The report calculates each EU member state’s foregone economic growth as a result of corruption by using the total EU GDP (€14.3 trillion) to calculate “the share of the cost of corruption for each country”. After figuring out the contribution each member state accounts for in terms of GDP and calculating the actual cost of corruption itself based on the various criteria of each corruption index and econometric modelling, the analysts can ascertain the foregone GDP in monetary terms of corruption under a number of scenarios.

This newsroom took a look at the COC index, which was developed by the World Bank, and which “captures the perceptions of the extent to which elites and private interests exercise public power for private gain, including both petty and grand forms of corruption, as well as ‘capture’ of the state”. This seems more relevant in the light of recent scandals which Malta has been plagued with, helping to place into context what the medium- and long-term effects might have on the islands.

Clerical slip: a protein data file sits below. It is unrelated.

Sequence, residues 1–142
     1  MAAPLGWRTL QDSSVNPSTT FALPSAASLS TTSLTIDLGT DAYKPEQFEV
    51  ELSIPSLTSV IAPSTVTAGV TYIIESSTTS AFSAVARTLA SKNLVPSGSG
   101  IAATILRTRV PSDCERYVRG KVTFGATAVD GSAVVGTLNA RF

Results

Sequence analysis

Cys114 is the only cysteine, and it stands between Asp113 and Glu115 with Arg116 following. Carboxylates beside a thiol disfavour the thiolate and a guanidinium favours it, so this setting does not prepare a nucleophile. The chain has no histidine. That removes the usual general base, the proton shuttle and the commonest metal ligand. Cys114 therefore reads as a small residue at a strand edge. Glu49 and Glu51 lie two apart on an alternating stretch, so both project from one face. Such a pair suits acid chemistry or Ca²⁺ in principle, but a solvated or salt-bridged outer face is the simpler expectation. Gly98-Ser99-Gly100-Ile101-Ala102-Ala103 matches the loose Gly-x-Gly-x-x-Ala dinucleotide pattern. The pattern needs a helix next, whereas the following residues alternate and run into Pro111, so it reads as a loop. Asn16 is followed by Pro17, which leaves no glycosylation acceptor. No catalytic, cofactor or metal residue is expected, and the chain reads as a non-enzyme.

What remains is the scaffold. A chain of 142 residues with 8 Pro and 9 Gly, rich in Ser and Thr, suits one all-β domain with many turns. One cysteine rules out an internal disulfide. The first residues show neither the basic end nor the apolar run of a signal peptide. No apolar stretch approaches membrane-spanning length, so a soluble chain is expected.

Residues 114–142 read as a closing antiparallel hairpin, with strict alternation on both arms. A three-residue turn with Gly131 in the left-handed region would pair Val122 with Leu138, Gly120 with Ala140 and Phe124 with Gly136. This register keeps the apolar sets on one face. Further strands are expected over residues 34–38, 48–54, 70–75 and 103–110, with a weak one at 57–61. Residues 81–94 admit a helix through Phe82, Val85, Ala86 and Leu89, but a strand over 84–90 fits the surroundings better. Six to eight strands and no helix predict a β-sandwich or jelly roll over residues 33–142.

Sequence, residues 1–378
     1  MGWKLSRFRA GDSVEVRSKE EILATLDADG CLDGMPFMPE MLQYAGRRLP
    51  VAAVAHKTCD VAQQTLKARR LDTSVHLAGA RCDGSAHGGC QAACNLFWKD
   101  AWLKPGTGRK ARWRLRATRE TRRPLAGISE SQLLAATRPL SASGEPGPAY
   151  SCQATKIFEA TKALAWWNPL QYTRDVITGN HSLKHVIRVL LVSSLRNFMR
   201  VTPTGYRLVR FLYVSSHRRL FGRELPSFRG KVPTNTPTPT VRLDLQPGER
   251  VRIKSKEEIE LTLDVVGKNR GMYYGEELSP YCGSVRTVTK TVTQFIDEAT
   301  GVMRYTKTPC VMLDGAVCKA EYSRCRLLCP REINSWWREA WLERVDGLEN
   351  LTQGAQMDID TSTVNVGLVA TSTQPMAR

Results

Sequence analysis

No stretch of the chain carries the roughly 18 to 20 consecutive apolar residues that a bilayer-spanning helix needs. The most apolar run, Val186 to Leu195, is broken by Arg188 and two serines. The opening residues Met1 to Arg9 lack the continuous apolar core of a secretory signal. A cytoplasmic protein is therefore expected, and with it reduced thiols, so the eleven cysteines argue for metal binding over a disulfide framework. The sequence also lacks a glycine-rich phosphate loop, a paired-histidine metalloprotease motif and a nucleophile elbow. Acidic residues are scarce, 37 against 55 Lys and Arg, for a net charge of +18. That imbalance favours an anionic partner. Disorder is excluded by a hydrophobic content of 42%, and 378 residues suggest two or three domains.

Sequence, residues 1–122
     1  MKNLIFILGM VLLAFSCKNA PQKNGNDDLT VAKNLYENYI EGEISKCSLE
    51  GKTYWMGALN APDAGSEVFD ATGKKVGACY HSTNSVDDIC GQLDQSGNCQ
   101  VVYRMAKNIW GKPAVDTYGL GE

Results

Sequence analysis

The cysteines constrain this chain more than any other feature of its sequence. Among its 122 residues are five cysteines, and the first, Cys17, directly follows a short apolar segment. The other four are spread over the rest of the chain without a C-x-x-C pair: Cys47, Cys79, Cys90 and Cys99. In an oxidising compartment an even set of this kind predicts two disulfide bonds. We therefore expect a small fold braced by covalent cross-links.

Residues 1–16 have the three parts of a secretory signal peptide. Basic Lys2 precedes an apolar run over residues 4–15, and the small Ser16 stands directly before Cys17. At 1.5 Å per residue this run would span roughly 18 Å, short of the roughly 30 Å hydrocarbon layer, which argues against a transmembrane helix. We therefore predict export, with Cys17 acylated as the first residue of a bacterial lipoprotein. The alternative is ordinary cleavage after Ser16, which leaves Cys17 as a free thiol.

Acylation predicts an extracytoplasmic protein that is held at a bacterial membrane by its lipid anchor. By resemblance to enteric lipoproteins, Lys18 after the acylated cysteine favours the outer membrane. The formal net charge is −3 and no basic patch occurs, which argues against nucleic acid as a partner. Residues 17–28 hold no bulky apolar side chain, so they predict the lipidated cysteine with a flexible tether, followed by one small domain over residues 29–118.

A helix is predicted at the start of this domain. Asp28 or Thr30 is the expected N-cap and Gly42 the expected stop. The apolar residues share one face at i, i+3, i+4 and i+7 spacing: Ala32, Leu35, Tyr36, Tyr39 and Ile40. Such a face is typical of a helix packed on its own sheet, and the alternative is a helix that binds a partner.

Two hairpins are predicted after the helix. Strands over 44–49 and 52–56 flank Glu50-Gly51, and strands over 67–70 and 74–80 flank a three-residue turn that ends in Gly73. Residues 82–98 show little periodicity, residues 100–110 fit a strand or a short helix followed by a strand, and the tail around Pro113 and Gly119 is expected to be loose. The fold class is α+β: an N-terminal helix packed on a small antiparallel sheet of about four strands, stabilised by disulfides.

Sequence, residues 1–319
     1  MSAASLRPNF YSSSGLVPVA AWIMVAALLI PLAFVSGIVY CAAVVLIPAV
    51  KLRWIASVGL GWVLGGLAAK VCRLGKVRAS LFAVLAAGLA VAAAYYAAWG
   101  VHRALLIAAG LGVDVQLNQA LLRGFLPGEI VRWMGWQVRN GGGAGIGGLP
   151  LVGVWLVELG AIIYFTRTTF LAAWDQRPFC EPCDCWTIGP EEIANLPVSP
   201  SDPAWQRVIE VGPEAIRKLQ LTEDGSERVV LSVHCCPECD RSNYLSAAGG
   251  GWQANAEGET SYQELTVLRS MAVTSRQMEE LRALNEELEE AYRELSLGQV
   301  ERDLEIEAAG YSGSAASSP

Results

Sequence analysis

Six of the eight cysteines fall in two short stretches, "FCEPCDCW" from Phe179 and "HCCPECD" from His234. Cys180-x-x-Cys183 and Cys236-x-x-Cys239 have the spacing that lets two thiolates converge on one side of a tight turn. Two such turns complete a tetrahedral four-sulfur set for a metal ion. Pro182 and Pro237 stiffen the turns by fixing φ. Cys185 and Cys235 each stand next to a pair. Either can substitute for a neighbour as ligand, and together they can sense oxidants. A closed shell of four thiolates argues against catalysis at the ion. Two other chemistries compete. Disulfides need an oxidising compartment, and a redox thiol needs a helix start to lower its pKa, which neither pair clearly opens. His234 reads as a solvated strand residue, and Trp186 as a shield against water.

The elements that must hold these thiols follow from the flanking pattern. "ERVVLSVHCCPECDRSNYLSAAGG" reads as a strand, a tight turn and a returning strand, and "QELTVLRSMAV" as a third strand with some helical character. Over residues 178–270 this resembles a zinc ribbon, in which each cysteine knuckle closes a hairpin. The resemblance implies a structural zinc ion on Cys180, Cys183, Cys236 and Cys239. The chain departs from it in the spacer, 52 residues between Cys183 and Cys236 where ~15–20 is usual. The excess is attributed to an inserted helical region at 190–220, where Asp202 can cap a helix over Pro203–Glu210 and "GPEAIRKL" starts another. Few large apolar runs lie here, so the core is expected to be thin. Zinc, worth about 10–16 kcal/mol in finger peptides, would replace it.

The COC index found that Malta could be losing a whopping €974,728,950 annually when compared to the countries which have the least corruption in the EU. The countries with the least corruption are, unsurprisingly, Denmark, Sweden and Finland, while the countries with the most corruption are Romania, Bulgaria and Croatia.

When measuring the cost of corruption against the top performers under the ICRG index, the figure is slightly lower but still extremely significant when compared with Malta’s limited size and resources.

This index “is an assessment of corruption within the political system”. It measures “financial corruption in the form of demands for special payments”. It also considers bribes but states that “major weight is given to actual or potential corruption in the form of excessive patronage, nepotism, job reservations, favours-for-favours, secret party funding and suspiciously close ties between politics and business.”

Here, RAND calculates that Malta is potentially losing 8.56 per cent of its GDP annually, or €714,957,482.